The Danish Nature Agency is planning to restore a 70-hectare sand dune area in Gyttegård Plantation on the outskirts of Billund in central Jutland, which was forested just four years ago.
The unusual initiative has been approved to ensure different types of insects, grasses and mosses to return and thrive in the area.
According to Claus Simonsen, a supervisor at the Nature Agency Trekantsområdet, it’s a little ironic that people in Denmark have been fighting sand drifts for centuries, but now for the first time they are trying to recreate them.
A deer cost
Meanwhile, a growing number of Jutland farmers are applying for a permit to shoot young deer because they are eating their crops.
This problem with the fawns is particularly notable in the Thy region in northwestern Jutland.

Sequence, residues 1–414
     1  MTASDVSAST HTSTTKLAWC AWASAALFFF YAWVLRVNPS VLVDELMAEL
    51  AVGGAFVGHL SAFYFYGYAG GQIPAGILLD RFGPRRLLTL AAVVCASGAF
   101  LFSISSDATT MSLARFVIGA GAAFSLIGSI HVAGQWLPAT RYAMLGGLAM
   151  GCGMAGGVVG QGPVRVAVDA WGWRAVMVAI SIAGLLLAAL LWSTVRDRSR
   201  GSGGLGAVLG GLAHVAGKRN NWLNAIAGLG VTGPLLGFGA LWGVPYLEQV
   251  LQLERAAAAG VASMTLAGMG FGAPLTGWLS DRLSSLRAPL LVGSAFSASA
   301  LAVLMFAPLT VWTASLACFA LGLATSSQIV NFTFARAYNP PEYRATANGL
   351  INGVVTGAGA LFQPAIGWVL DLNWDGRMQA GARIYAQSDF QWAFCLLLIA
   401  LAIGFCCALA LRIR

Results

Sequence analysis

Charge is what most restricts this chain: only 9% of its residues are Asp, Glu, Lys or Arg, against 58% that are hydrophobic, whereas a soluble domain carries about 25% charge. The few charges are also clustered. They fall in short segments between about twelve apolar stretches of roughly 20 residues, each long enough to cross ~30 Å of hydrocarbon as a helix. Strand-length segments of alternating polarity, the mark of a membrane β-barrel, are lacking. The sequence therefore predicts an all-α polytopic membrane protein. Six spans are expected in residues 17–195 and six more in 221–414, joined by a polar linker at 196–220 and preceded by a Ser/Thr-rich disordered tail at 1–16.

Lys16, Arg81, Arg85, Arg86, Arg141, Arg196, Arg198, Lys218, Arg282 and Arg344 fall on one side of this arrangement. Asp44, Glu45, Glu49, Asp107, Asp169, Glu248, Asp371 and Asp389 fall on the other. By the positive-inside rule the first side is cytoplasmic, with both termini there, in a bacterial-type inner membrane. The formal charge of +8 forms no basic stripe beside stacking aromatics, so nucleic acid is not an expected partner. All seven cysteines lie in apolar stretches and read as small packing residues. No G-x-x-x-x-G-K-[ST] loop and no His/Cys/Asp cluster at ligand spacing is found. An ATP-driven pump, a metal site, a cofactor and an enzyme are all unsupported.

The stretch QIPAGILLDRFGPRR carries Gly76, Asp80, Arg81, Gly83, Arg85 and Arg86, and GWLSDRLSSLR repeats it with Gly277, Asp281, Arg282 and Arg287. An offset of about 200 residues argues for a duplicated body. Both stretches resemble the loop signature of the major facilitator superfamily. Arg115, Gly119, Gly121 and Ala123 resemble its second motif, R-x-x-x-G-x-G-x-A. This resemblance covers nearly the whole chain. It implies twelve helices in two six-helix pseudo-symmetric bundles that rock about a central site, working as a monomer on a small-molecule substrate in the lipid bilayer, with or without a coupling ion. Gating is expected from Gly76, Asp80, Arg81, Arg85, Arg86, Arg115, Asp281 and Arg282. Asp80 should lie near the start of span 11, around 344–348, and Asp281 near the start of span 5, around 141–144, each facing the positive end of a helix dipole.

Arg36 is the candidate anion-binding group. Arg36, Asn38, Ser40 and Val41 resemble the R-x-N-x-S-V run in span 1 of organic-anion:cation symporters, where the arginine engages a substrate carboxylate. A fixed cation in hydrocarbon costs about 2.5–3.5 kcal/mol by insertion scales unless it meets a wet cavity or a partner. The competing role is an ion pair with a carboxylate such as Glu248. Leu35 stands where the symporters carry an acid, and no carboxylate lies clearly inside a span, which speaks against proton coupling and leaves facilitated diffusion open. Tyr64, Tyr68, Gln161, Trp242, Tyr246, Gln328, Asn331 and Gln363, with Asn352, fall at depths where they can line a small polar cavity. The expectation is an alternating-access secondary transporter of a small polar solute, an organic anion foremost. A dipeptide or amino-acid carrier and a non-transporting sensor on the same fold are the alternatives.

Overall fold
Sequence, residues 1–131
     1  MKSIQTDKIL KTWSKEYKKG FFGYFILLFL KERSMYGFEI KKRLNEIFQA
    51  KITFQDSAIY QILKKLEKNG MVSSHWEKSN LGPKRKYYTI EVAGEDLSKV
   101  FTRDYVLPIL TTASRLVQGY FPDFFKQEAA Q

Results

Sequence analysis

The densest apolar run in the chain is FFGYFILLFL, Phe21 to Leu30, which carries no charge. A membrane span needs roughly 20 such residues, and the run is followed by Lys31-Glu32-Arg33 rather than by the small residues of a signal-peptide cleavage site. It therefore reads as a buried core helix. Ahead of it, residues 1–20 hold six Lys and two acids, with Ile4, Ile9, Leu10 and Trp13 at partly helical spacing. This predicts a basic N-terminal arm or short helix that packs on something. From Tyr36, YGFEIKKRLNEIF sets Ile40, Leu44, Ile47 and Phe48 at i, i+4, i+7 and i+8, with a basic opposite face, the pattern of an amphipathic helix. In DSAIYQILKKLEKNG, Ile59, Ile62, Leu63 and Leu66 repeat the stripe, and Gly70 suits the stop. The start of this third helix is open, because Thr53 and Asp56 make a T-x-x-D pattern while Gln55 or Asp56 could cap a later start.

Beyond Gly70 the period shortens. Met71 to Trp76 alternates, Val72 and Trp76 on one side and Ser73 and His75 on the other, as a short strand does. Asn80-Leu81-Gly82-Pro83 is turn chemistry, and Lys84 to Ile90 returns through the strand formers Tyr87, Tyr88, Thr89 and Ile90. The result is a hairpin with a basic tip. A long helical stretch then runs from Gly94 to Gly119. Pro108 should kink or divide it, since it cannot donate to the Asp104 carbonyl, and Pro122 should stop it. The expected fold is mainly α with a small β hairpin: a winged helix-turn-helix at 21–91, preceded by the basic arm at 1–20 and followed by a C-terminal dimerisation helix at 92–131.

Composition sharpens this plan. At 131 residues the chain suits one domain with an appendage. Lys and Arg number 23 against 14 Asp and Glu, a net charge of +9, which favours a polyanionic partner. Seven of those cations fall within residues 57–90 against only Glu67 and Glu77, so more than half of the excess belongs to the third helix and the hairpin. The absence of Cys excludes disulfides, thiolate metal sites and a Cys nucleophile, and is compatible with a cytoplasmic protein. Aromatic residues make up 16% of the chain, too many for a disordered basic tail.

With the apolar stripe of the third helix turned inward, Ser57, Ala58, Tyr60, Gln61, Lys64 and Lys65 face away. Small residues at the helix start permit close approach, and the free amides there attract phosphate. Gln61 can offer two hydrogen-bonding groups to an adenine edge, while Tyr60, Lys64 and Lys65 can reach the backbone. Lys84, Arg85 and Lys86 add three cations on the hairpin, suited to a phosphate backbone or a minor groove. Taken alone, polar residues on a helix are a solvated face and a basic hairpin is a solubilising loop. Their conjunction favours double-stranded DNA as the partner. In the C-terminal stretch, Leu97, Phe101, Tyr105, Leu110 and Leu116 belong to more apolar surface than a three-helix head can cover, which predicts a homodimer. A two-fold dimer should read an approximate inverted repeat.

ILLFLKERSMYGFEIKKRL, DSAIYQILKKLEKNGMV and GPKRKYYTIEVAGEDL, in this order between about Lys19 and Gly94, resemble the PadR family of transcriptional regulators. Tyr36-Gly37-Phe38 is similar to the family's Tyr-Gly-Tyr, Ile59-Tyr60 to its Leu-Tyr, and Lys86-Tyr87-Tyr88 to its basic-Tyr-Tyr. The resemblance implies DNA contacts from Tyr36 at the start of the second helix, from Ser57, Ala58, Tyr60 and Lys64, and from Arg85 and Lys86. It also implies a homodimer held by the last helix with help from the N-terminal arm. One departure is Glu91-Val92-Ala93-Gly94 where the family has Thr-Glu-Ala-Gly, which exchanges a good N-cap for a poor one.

“We did not want to regulate [the population of the] fawns, but last year it went completely wrong as they ate 8-10 hectares [of my crops] and caused a lot of damage,” farmer Jens Jørgen Henriksen complained to DR.
Although Henriksen applied for a permit to shoot the young deer, he is also using other methods to chase off the animals.
“We have set up fences with plastic tapes that sing in the wind, and we’ve got some hair from a hairdresser that we’ve set up in small bundles on poles around to function as deterrents,” Henriksen explained.
Henriksen has lost 100,000 kroner due to the hungry deer.